Paper money as we recognise it today originated in Britain in the 17th Century as a receipt for gold deposited with goldsmith bankers. The Bank of England issued notes or receipts for deposits of cash (coin) from its inception in 1694. These originally were handwritten and made out to specific depositor. They then became partially printed, the words 'or the bearer' were added after the promise to pay the depositor, and these pieces of paper began to circulate as the forerunners of today's banknotes.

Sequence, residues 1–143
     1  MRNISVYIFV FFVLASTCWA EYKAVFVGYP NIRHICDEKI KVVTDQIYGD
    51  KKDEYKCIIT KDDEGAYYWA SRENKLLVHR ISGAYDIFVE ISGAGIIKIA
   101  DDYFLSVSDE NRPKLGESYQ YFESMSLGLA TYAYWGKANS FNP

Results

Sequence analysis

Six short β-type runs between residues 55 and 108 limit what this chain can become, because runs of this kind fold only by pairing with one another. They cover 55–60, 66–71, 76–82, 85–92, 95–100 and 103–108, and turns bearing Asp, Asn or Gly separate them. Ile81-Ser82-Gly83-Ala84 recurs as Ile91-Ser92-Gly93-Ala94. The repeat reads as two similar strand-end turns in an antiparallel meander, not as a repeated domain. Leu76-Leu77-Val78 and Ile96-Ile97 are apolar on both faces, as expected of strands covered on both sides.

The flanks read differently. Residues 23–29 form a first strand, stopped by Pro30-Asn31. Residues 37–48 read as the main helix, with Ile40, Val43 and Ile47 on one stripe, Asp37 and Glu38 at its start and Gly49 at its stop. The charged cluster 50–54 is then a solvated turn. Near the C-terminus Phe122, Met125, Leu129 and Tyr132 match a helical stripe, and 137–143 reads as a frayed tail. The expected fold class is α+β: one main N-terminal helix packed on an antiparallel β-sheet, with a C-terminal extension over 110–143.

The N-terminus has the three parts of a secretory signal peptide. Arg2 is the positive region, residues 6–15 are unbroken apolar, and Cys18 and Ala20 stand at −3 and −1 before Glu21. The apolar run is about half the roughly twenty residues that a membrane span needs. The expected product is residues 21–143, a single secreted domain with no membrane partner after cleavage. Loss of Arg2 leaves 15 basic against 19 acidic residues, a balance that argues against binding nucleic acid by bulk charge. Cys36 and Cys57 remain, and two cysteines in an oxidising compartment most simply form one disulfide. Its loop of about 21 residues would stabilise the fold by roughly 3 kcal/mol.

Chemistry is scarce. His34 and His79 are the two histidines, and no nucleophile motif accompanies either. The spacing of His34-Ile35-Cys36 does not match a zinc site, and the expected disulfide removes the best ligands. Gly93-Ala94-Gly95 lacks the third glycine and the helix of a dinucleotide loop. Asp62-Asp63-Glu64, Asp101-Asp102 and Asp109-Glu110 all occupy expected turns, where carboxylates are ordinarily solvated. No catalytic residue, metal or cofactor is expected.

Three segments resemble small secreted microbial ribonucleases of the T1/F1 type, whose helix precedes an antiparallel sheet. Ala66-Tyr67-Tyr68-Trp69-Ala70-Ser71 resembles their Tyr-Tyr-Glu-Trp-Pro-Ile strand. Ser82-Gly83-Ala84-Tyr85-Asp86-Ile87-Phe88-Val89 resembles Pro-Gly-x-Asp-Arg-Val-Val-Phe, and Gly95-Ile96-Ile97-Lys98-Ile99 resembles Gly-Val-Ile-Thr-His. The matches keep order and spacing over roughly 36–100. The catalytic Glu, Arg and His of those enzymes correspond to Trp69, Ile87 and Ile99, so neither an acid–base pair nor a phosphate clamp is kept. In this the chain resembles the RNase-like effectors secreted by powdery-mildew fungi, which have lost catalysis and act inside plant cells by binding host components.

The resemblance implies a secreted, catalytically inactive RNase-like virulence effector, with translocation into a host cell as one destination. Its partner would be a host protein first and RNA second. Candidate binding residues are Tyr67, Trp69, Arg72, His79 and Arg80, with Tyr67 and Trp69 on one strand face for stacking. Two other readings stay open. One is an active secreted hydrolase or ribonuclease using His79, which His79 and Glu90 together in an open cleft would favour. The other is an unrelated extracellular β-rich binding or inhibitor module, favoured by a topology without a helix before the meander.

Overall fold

A commercial crisis in the autumn of 1792, together with the declaration of war on England by the French in February 1793 led to a need for notes of a smaller denomination than £10 (previously the smallest note printed) in which the public could feel confident. The £5 note was only intended as a temporary measure - the Prime Minister, William Pitt, at the time said that once credit conditions were more favourable again, they should take the £5 out of circulation. However, the £5 has since become the longest continuously-serving denomination and at one point even the highest denomination Bank of England note.
1793 £5 Note
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